Union accuses the government of ‘sitting on its hands’ over Monarch’s future

The government’s Brexit uncertainty and failure to intervene contributed to Monarch going into administration, claims Britain’s largest union Unite.

Accusing the government of ‘sitting on its hands’, Unite has urged the government to step in to assist one of the UK’s oldest airlines and provide clarity for the UK’s aviation industry by quickly reaching an ‘open skies’ agreement with the European Union.

Unite, which represents around 1,800 engineers and cabin crew working for Monarch, understands that potential investors and buyers were deterred by the continuing uncertainty surrounding Brexit.

An agreement securing current freedoms for UK airlines to fly in Europe and beyond is yet to be reached in Brexit negotiations.

With airlines selling flights a year in advance, an open skies agreement needs to be in place by March 2018 ahead the UK’s exit from the European Union in March 2019.

Unite also understands government ministers rebuffed requests by Monarch to provide a bridging loan, charged at commercial rates, to tide the company over while it restructures the business to focus on its long haul operations.

However, such assistance is not without precedent and was recently given by the German government to Air Berlin.

Unite national officer Oliver Richardson said: “Monarch’s workforce has worked tirelessly and loyally, with great sacrifice, to try and turn the airline around in the last year.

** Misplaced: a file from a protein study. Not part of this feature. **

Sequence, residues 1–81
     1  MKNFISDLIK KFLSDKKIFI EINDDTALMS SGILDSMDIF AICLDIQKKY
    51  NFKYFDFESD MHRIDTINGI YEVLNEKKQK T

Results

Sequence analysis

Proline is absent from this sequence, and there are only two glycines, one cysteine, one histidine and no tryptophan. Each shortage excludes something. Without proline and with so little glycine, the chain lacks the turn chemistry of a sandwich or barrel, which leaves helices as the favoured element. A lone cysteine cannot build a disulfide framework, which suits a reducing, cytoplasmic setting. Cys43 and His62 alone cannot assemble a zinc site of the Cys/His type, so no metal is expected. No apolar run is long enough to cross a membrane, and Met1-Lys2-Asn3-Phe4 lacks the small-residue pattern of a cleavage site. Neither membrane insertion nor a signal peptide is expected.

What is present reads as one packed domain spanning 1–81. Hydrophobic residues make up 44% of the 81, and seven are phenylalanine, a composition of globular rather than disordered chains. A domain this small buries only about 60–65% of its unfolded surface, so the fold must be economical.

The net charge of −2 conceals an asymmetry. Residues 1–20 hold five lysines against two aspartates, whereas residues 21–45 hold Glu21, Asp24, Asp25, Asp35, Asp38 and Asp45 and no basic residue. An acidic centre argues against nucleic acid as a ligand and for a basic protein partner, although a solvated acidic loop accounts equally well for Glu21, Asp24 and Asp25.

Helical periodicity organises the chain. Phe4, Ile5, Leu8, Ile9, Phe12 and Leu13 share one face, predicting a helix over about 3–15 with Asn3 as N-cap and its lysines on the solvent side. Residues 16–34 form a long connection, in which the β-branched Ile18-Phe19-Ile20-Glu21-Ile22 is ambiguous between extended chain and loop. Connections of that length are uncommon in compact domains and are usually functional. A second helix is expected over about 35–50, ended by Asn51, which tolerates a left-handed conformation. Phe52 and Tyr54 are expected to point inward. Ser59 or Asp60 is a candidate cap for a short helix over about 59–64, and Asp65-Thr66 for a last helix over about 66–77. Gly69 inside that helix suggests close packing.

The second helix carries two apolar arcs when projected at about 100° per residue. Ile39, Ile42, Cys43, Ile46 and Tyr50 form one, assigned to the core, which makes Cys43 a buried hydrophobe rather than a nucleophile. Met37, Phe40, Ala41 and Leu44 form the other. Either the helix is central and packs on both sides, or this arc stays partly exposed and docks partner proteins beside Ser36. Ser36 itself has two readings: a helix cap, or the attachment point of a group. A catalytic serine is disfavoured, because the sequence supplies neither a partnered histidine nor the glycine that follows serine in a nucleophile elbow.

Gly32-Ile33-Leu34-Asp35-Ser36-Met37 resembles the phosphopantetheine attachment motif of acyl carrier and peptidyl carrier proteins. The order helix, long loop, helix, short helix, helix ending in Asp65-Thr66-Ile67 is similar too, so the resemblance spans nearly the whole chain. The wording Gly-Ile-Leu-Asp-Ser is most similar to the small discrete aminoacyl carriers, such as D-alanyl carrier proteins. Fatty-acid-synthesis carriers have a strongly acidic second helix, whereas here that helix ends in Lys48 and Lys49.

“Their hard work has been undone by a government seemingly content to sit on its hands and allow one of the UK’s oldest airlines go into administration.

“There were a number of factors that impacted negatively on the company, however continuing uncertainty surrounding Brexit and the ability of UK airlines to fly freely in Europe after the UK has left the EU, undoubtedly hindered Monarch getting the investment it needed to restructure and survive.

“This uncertainty combined with the apparent unwillingness of the government to assist at commercial rates and at a profit to the taxpayer, has left thousands of jobs at a great British airline hanging by a thread.

“Now is not the time for government ministers to wash their hands of a problem they have contributed to. Ministers need to act fast by intervening in a similar way as their German counterparts did with Air Berlin and help secure a future for Monarch.

“The government must also secure the current freedoms to fly that UK airlines enjoy in Brexit negotiations as a matter of urgency to stabilise confidence in the airline industry.

“In the meantime Unite will be working day and night to support and assist our members at Monarch through this deeply upsetting and unsettling time.”

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